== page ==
A former charter school principal could face decades in prison after being charged with embezzling $5,000 of federal money from the institution, federal officials said.
Noel Rodriguez, 55, who now lives in Raleigh, N.C., was indicted Nov. 22 on four counts of federal program theft, accused of taking money or property from 2011 to 2014 when he was principal of the Academy of Dover Charter School, according to the U.S. Attorney's Office for Delaware. His case was unsealed Wednesday, and federal officials announced the indictment Thursday.
During that time, the school received more than $10,000 in money annually from the U.S. Department of Education, the office said. He embezzled a portion of that money each year, which eventually added up to $5,000.
On each count, the former Dover resident faces up to 10 years in prison and three years of supervised release, in addition to possible fines and restitution, the office said.
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Rodriguez, who left the school in 2014, used school cash to make $127,866 in personal purchases, reimbursed employees for buying alcohol and other barred items, paid legal fees for a sexual harassment lawsuit and gave arbitrary bonuses to teachers, according to a report that State Auditor Tom Wagner's office issued last year.
His case is being investigated by the FBI, the federal Education Department's Inspector General's Office and the Delaware Attorney General’s Office.
Other charter schools also have been victims of embezzlement. Among them:
• In November, former charter school administrator Sean Moore pleaded guilty to embezzling $161,871 from the Family Foundations Academy in New Castle, Del., according to the U.S. Attorney's Office for Delaware.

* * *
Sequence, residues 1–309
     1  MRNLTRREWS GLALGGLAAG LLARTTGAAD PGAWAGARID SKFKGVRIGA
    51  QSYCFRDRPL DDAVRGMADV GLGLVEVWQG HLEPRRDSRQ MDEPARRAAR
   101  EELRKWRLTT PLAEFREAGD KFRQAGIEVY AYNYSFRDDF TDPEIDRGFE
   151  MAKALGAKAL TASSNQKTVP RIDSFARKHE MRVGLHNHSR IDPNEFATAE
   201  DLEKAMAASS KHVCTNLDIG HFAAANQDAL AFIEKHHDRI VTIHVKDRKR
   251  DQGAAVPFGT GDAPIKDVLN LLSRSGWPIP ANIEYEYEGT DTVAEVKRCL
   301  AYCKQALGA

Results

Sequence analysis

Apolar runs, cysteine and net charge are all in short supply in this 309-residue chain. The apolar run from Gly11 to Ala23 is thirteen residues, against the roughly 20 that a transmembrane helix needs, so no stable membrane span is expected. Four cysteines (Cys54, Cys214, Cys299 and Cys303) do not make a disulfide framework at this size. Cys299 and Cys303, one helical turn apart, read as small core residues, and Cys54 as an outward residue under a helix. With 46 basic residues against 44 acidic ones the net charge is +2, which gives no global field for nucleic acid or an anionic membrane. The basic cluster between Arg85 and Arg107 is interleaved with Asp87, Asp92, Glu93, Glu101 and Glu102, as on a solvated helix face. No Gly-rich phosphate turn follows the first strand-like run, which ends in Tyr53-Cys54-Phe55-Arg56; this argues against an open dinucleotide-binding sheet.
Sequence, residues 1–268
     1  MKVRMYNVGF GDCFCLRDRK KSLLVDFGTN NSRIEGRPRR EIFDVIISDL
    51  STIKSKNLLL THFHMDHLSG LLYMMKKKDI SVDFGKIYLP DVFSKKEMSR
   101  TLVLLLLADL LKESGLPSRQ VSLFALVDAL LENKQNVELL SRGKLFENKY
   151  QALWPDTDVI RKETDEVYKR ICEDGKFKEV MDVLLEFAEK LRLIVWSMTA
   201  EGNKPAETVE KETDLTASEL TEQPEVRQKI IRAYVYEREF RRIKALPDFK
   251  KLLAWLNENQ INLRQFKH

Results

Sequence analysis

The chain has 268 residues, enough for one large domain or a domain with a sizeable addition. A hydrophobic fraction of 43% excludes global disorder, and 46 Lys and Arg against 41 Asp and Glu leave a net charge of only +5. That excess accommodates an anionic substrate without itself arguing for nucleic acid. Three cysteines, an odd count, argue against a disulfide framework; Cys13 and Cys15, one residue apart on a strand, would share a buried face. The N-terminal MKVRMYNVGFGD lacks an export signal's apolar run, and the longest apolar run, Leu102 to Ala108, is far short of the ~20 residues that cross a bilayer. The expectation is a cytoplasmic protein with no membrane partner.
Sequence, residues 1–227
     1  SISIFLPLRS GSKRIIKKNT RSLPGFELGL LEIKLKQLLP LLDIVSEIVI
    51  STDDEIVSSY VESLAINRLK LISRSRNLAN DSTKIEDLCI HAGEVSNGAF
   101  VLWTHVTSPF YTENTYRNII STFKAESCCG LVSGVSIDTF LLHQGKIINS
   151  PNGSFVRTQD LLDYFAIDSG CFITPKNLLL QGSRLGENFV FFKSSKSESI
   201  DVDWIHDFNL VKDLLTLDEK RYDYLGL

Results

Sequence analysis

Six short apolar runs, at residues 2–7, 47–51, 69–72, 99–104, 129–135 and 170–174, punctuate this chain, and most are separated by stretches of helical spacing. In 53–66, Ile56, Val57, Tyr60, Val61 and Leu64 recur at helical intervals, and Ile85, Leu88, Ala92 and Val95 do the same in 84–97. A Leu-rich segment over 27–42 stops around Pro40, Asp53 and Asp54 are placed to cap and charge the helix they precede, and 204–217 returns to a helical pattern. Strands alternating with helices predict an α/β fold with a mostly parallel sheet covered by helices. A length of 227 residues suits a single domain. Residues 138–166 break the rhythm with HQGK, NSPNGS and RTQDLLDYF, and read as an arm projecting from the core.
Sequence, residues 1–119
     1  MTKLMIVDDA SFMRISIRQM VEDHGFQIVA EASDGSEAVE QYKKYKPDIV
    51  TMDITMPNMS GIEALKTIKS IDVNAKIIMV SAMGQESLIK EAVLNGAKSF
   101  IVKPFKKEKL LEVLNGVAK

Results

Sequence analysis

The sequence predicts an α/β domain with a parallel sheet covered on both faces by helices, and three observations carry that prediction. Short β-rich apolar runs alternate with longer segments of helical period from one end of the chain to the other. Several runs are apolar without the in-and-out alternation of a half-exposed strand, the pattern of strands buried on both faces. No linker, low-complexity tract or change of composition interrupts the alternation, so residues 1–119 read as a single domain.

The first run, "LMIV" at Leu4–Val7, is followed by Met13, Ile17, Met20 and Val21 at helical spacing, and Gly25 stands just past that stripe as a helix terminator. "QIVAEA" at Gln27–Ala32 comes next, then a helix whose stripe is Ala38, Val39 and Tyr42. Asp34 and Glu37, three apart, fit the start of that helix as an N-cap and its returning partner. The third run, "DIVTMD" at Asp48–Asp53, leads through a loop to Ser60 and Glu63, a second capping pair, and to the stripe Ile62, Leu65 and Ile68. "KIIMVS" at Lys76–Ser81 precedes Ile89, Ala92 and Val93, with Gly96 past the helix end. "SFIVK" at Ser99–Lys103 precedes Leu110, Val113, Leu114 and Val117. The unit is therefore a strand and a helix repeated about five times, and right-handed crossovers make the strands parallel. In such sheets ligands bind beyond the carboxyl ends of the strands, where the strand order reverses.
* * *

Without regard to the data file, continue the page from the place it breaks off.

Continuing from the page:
• In October, the founder of an Atlanta charter school was indicted in connection with a theft of more than $800,000 from the school he founded. The former head Latin Academy Charter School, Christopher Clemons, was indicted on 48 counts including theft and forgery, the largest accusation in Georgia charter school history, The Atlanta Journal-Constitution reported.
• In July, a federal grand jury in Houston returned a 19-count indictment against the founding superintendent of The Varnett Public School charter school and her husband, alleging charges of conspiracy, mail fraud, tax evasion and obstruction of justice, Marian Annette Cluff and Alsie Cluff Jr. The couple is accused of embezzling more than $2.6 million, according to the FBI.
And in 2015, Benita Dinkins-Robinson of Bishopville, S.C., was sentenced to 42 months in prison and ordered her to pay more than $1.5 million in restitution after embezzling from Mary L. Dinkins Higher Learning Academy in Bishopville while she was executive director, according to the U.S. Attorney's Office for South Carolina.
Charter schools are public schools and receive public tax dollars, but independent boards and sometimes for-profit private companies run them. Students have to take standardized tests to measure achievement as public school students do.
Delaware, a state with about 950,000 residents, has 28 charter schools, according to the Delaware Department of Education. It has almost 200 other public schools, according to the National Center for Education Statistics.